When the pandemic hit and businesses started closing, cities issued shelter in place orders, and masks became a regular part of each wardrobe choice (unless you’re Donald Trump), I read a story about what #vanlifers should do during this uncertain time. The author urged van dwellers and others on the road to park it at their parents’ house and sit tight. Which, I think was sound advice, if you had parents close by, the money to get to them, or a job that allowed you to be away for extended periods of time.
I didn’t have $1,000 to get to Florida and back, where most of my family resides. My close friends in the Front Range are essential employees (grocery, health care, public health) or lived in townhomes without ample parking. I deemed it selfish to insert myself into stressful days and crowded driveways. What’s more, my job is closely tied with Colorado schools, whose schedules remained uncertain through March. Basically, I couldn’t park it at my parents’ house, as much as I wanted to.
Extreme Social Distancing
Fate stepped in via a telephone call. The man I was seeing in Fort Collins found himself stuck in Red Feather Lakes, in his broken down 1989 Itasca Sunflyer RV and needed some provisions before the next spring storm rolled in. Red Feather Lakes boasts thousands of acres of Forest Service land, with minimal camping regulations and plenty of dispersed spots – home sweet home.
Nourishment, water, and boxed wine in hand, I arrived on March 28 to rescue my handsome friend, who I was praying would turn into my quarantine boyfriend, and maybe even stick around post pandemic (spoiler alert: he did). Turns out, there were a lot of people hiding out up in northern Colorado. The first night, we heard gun shots from a campsite across the way followed by some hootin’, hollerin’, and a whole slew of swear words. Enter campsite left: Pat and John.
This dynamic duo quickly became our best friends in Red Feather. They left Illinois with the promise of seasonal work at a restaurant in Fort Collins when lo and behold, they worked one day before COVID-19 restrictions shut the whole thing down. With almost no money, definitely no home, and a 1994 Nissan Pathfinder whose front bumper was held on with hopes and dreams, they headed up to Red Feather and made camp.
“Camp” is an understatement for their forest home. They arrived a few weeks earlier, securing a secluded spot behind some rocky outcroppings. Between the rocks they strung gigantic tarps for wind blocks and a roof for shade. Their fire pit wasn’t so much a ground-level ring but rather a stony hearth about waist high, backed with scrap metal. Across, it was as wide as a VW bug.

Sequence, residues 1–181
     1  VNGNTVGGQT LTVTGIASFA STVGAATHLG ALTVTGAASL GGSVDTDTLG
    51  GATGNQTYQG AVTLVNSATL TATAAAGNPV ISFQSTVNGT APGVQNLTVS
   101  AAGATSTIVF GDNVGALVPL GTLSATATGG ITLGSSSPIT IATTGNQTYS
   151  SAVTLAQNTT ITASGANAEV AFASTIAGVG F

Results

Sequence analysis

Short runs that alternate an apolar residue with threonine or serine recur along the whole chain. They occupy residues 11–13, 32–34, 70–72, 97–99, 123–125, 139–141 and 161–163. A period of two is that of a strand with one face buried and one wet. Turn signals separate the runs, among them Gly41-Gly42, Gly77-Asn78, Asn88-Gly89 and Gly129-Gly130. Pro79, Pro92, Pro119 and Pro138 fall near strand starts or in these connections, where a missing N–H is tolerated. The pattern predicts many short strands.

Fueled each day by Busch Light and American Spirits, they spent hours chopping wood, fixing their tents, or driving to town to re-up on beer. The boys were in the process of designing and building forest furniture – a food storage cabinet, coffee table, and chaise lounge. It really was quite the operation they were running.
We started spending evenings howling at the moon with Pat and John, spotting UFO’s that were surely just satellites, and listening to music crackle through Pat’s AM/FM, battery operated radio. Heated games of Yahtzee ensued followed by jam sessions, midnight snacks, and deep talks.
Nothing I Expected, Everything I Needed
If it were regular life, we probably wouldn’t have crossed paths with these two lovable outlaws, but it wasn’t regular life and for that, I am grateful. We didn’t have much in common except for a love of card games, campfires, and lukewarm beers, but it didn’t matter. We were all stuck in some way or another, be it financially, mechanically, or emotionally and found solace, comfort, and a home in each other.
Eventually, we met more of the community, who were already isolated in a town of 350 and now even more so with COVID-19 restrictions. A young couple who live in Red Feather year-round quickly became staples next to the campfire and invited us over to shower, use the internet, and hang out. A Louisiana native would swing by on his four-wheeler with homemade moonshine for us to sample. We became a roadside stop on people’s way to and from town. They’d check in on us, ask if we needed anything, then tip their hat and toot the horn as they drove away.
Wings and Roots
When the world started opening up again, it was bittersweet for me. Wonderful in that I could resume regular work and see my friends, but melancholy in that I’d have to leave this place I started to recognize as home. #Vanlife is inherently nomadic and attractive because of its impermanence. Rolling on through town after town has its freedoms but also its limitations.
The open road is romantic and magical. A small space forces you outside and makes you appreciate creature comforts all the more. But you also dig in less – to people and to places. You truly are on your own, no one knows where you came from or where you’re headed. People don’t dig into you either because you’ll be gone in a few short days and life, especially now, is wearisome as is.
Quarantining in Red Feather gave me my own little community, people who checked in, people who cared. There’s something so deeply satisfying in seeing the sun creep up each morning over the same stretch of pine and make its way across the sky, to set over a ridge line whose peaks and edges you’ve been able to learn just by sitting still and looking.
The pandemic put me in my place – in the lap of mother nature and in the arms of people who wanted to know how I was, where I was, and if I’d be sticking around for a while. I never would have guessed that a nomadic lifestyle or a global pandemic would instill the desire to root down in one place and pack my wings away for a different season. Then again, life is anything but predictable nowadays.